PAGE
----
Pro tip: Do not leave home without travel insurance, especially Covid-19 cover. Contracting the virus overseas would mean the journey grinds to a halt.
"A positive reading means isolation for 10 days and more - even beyond 30 days if seriously ill - before enough viral load is shed to test negative again," advised a government infectious disease expert who requested anonymity.
Based on research, there are only two insurers which are providing Covid-19 cover for trips taken against official travel advisories - NTUC Income and Sompo Insurance. Read the fine print to ensure Covid-19 cover for your destinations.
2. The flying experience is still to be anticipated, but it is somewhat adulterated now
A huge part of the joy of travel is the journey itself. Now, anxiety swirls around the ever-changing travel rules. I got cold feet as I neared the departure date and contemplated a postponement.
At the airport, the Singapore Airlines (SIA) lounge was downsized, just like its food selection. Service, however, remained exemplary.
As I headed towards my gate, I spied intimidating signs showing that I was entering the restricted "Zone 1", where transit and local passengers converged. I steered clear of passengers and felt nervous - even more than the time I visited the still-radioactive Chernobyl nuclear reactor years ago.
"All passengers, including those from transit flights, have tested negative," a security officer assured me when I asked.
Entering the boarding room, I felt I was in a hospital, with the security personnel fully cloaked in personal protective equipment.
SIA has an integrated "safe and seamless" approach, from pre-flight updates and boarding to sanitised cabins and food safety.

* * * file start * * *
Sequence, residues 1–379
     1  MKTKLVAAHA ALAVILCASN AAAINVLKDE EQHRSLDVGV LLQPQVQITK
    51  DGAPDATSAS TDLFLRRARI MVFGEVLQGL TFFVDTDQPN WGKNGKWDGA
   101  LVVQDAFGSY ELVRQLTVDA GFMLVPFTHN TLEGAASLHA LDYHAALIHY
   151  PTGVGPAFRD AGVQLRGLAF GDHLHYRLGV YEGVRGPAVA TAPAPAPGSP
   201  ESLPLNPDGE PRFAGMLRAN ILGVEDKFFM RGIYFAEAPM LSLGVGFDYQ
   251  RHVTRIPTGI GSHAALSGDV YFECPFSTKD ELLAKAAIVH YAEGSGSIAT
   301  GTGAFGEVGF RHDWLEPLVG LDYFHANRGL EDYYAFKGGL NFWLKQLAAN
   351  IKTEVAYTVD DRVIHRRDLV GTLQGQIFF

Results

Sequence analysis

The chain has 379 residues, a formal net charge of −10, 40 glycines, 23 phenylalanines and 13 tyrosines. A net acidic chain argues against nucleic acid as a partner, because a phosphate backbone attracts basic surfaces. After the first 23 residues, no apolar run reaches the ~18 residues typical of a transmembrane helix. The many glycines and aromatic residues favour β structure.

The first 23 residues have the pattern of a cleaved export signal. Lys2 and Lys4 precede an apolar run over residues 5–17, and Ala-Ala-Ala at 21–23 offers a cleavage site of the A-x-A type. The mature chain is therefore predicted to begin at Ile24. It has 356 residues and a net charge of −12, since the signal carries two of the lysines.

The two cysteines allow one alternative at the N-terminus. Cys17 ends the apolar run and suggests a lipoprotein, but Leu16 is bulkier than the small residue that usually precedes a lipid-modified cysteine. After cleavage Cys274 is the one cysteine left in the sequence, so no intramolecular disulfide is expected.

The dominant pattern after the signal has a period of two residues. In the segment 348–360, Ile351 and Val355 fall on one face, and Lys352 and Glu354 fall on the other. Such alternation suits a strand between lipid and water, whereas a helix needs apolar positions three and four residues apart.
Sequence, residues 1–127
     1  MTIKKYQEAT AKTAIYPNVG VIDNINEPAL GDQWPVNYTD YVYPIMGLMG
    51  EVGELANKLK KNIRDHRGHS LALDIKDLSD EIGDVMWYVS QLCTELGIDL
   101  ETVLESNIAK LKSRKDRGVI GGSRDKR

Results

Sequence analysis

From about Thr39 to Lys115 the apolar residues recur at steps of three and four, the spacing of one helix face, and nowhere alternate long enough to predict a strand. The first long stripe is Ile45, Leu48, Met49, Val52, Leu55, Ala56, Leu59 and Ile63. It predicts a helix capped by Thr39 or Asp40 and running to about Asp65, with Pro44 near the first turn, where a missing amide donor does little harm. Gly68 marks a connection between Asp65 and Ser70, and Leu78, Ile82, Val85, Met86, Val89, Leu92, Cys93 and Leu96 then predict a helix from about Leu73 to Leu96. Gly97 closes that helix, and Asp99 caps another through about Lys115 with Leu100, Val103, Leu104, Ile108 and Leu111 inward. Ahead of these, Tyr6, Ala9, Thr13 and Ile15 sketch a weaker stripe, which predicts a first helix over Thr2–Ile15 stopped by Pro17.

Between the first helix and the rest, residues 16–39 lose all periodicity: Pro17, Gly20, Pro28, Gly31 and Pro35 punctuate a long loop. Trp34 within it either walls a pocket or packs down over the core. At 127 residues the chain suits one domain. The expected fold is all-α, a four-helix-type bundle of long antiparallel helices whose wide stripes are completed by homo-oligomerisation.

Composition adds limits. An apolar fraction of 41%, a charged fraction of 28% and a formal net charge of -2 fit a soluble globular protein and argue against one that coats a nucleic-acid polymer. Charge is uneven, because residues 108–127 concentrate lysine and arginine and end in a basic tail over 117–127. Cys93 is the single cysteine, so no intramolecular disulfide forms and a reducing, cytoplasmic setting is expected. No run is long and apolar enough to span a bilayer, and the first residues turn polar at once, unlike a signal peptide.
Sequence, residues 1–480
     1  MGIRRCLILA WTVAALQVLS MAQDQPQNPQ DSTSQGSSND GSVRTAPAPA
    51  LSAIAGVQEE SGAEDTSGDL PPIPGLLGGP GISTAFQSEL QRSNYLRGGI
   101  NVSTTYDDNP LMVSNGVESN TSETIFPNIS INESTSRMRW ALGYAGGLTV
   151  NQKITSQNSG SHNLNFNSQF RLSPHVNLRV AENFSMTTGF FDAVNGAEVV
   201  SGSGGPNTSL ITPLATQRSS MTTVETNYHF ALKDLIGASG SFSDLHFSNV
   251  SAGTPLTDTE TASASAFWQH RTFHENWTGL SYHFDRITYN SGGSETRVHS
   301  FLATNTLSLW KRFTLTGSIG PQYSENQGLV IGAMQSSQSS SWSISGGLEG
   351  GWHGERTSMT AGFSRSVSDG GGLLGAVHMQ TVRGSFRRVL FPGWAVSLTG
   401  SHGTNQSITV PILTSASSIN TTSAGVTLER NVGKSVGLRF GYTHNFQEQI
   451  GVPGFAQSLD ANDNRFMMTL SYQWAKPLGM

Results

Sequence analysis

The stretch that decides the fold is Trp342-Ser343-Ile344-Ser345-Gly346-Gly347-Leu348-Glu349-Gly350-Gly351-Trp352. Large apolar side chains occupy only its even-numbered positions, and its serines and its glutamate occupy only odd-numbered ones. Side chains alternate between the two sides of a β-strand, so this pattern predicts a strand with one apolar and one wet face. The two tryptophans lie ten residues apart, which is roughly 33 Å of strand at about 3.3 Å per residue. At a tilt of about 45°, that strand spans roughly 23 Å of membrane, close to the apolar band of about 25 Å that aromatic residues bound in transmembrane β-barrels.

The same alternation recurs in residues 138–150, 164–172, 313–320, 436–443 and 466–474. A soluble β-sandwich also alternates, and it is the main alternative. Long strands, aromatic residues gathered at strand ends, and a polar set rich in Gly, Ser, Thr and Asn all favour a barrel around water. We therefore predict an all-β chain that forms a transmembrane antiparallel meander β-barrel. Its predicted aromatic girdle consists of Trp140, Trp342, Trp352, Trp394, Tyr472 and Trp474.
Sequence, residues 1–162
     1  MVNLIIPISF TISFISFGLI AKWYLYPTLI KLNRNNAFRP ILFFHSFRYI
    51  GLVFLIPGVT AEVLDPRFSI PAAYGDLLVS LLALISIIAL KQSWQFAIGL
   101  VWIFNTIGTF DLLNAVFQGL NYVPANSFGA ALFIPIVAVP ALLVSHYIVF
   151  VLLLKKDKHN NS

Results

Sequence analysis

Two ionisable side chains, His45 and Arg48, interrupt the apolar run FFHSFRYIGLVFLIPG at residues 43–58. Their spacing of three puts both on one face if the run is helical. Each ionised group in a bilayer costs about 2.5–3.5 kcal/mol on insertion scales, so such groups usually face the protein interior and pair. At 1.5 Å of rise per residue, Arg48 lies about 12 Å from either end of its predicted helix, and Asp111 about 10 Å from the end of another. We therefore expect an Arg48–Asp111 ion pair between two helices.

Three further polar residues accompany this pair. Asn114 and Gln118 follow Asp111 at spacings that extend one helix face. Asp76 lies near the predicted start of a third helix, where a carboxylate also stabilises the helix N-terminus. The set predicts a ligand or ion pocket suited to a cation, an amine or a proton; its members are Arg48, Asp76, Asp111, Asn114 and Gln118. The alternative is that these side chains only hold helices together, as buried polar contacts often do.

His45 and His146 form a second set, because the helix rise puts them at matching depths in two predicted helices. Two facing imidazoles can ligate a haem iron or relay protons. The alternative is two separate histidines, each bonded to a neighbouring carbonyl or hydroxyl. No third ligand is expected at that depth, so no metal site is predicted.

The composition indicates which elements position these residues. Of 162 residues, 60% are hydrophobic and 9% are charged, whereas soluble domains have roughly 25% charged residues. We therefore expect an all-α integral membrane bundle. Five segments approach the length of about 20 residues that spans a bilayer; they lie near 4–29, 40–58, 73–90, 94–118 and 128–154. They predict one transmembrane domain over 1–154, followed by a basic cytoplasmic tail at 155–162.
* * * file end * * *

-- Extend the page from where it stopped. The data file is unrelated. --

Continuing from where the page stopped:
Previously, it was easy to recognise individual cabin crew members within an hour of the flight. Now, with their masks, face shields, groovy protective eyewear and gloves, they were all perfect carbon copies - but that SIA smile still radiated through their masks.
In the past, I would face a dilemma when I pre-ordered meals. It was hard to decide what to eat when the menu was as long as a Christmas shopping list. Now, the abridged menu was just a shade more exciting than the McDonald's breakfast menu.
The elegantly plated multi-course meal was no longer served from a trolley, but everything was squeezed within an unglamorous tray. And, sadly, even the iconic garlic bread had lost some oomph.
But the crew was ever-attentive, making sure the service made up for the lost frills and a muted culinary experience.
Pro tip: Private space matters even more than ever. Block your preferred seats online as soon as you can and seek buffer space from the next passenger. When checking in, get an update in case someone has now edged into the empty seat to you.